Many people indicate that they get a lot out of the space inbetween sessions at traditional conferences, and this is what unconferences try to capture. Libraries can also host general unconferences, such as what Deschamps did in Halifax. It doesn’t have to be just library stuff.

You can’t prepare for every aspect of an unconference. You can prepare the space and request that specific people be there, but in the end, its success is based on the engagement of the participants.

Unconferences are casual. You do need to decide the level of casual, such as how much you want to borrow from traditional conference amenities and structure. Organizational sponsorships should be limited to affiliation and financial support — avoid letting them dictate what will happen.

Keynote sessions can influence the conversations that happen afterwards, so be deliberate about whether or not to have one.

The less you have to deal with money the better, and there are pros and cons to having fees. Keep the threshold low to encourage participation. Every day is a bad day for somebody, so just choose a date and time.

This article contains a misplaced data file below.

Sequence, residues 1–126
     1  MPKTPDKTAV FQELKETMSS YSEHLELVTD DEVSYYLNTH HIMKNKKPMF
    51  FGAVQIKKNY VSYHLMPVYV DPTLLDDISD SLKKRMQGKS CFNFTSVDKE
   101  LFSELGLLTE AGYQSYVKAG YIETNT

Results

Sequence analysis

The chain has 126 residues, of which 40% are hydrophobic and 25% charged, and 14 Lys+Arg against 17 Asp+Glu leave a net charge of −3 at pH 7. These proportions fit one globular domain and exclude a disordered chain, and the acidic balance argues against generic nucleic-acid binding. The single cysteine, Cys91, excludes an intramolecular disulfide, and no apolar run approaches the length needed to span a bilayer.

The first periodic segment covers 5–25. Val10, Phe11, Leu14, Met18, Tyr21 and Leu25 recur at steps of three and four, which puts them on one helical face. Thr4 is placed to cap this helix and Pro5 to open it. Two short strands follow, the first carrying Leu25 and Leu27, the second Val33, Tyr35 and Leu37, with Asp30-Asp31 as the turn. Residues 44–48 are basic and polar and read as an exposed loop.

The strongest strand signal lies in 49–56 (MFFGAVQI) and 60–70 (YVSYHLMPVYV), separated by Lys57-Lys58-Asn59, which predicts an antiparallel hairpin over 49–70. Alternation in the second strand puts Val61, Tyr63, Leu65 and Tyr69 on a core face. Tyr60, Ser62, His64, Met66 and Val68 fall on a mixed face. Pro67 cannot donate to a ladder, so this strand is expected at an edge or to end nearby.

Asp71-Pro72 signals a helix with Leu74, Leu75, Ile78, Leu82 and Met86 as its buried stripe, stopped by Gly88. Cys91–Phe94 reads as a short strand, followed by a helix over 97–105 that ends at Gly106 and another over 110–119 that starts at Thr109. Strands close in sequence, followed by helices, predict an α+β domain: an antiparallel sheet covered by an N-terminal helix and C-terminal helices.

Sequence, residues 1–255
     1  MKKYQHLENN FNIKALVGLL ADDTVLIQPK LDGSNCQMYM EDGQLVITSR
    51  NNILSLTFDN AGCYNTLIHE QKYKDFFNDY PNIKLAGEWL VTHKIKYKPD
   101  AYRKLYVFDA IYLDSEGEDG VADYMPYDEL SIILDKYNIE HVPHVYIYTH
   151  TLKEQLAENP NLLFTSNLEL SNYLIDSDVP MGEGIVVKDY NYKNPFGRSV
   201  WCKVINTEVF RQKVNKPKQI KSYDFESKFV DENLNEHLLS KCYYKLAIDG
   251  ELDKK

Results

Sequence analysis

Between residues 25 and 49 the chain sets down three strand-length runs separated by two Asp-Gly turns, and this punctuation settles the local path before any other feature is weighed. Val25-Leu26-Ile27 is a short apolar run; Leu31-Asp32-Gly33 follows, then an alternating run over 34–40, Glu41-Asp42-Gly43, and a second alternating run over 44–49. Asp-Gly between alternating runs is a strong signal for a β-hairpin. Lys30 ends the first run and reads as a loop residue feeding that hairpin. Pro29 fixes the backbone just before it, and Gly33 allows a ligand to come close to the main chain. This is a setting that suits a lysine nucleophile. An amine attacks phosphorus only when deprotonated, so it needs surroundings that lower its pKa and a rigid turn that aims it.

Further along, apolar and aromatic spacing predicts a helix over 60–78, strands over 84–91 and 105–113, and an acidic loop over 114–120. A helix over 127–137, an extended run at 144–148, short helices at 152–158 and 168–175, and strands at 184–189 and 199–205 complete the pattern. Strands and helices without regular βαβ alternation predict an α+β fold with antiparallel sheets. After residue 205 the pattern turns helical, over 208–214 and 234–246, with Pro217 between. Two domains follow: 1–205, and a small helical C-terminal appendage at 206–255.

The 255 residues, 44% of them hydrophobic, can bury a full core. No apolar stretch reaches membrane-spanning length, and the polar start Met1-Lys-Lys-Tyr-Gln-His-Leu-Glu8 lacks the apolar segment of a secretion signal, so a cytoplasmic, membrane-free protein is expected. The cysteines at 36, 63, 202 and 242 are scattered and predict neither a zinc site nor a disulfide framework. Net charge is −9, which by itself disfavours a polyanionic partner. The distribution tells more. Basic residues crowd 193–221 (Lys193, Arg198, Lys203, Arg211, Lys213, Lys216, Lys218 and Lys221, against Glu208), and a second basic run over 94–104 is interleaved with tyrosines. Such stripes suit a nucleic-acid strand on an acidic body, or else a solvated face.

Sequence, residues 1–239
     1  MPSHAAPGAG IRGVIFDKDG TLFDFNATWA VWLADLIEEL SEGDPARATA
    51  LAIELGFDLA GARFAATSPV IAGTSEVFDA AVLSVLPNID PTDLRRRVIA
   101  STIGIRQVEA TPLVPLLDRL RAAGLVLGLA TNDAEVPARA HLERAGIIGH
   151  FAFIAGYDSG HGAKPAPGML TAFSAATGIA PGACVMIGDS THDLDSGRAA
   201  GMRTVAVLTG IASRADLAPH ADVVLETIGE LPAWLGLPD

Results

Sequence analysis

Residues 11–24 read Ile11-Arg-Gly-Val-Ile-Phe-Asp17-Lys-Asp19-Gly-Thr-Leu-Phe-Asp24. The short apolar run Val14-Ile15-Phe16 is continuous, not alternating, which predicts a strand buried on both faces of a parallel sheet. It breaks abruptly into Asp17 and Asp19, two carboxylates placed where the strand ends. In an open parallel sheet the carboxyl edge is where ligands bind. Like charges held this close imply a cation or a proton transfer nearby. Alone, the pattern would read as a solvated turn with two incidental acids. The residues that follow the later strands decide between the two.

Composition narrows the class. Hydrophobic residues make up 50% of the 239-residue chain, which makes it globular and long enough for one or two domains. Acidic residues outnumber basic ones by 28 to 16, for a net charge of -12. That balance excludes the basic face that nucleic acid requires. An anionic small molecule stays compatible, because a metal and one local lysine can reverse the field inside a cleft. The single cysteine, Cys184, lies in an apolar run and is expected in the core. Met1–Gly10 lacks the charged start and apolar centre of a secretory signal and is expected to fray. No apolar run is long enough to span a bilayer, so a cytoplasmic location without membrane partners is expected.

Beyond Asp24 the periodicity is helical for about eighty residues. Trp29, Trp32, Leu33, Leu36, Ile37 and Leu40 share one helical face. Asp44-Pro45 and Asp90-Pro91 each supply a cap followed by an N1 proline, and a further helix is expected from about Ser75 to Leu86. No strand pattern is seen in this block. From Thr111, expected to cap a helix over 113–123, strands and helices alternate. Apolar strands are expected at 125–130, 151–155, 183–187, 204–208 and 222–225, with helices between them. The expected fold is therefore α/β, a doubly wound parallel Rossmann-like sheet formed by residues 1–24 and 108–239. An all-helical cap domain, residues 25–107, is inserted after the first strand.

Tip: organize an unconference the day before or after a national conference. Folks are coming and going, and it’s easier to schedule that time in and to get institutional funding.

Make use of social software for promoting and organizing the unconference (wikis are good), and also use it for continuing the conversation.

Free as in beer, free as in kittens, and now free as in someone else is paying. Make use of the resources of the participants institutions.

Swag keeps the connection, and if you’re creative, they’re also useful. SF showed the notebooks that they handed out at LibCampNYC, which were branded versions of something like Moleskine notebooks. Hand out the swag at the beginning, along with notes about how the unconference was going to work and an outline of a schedule (if you have one).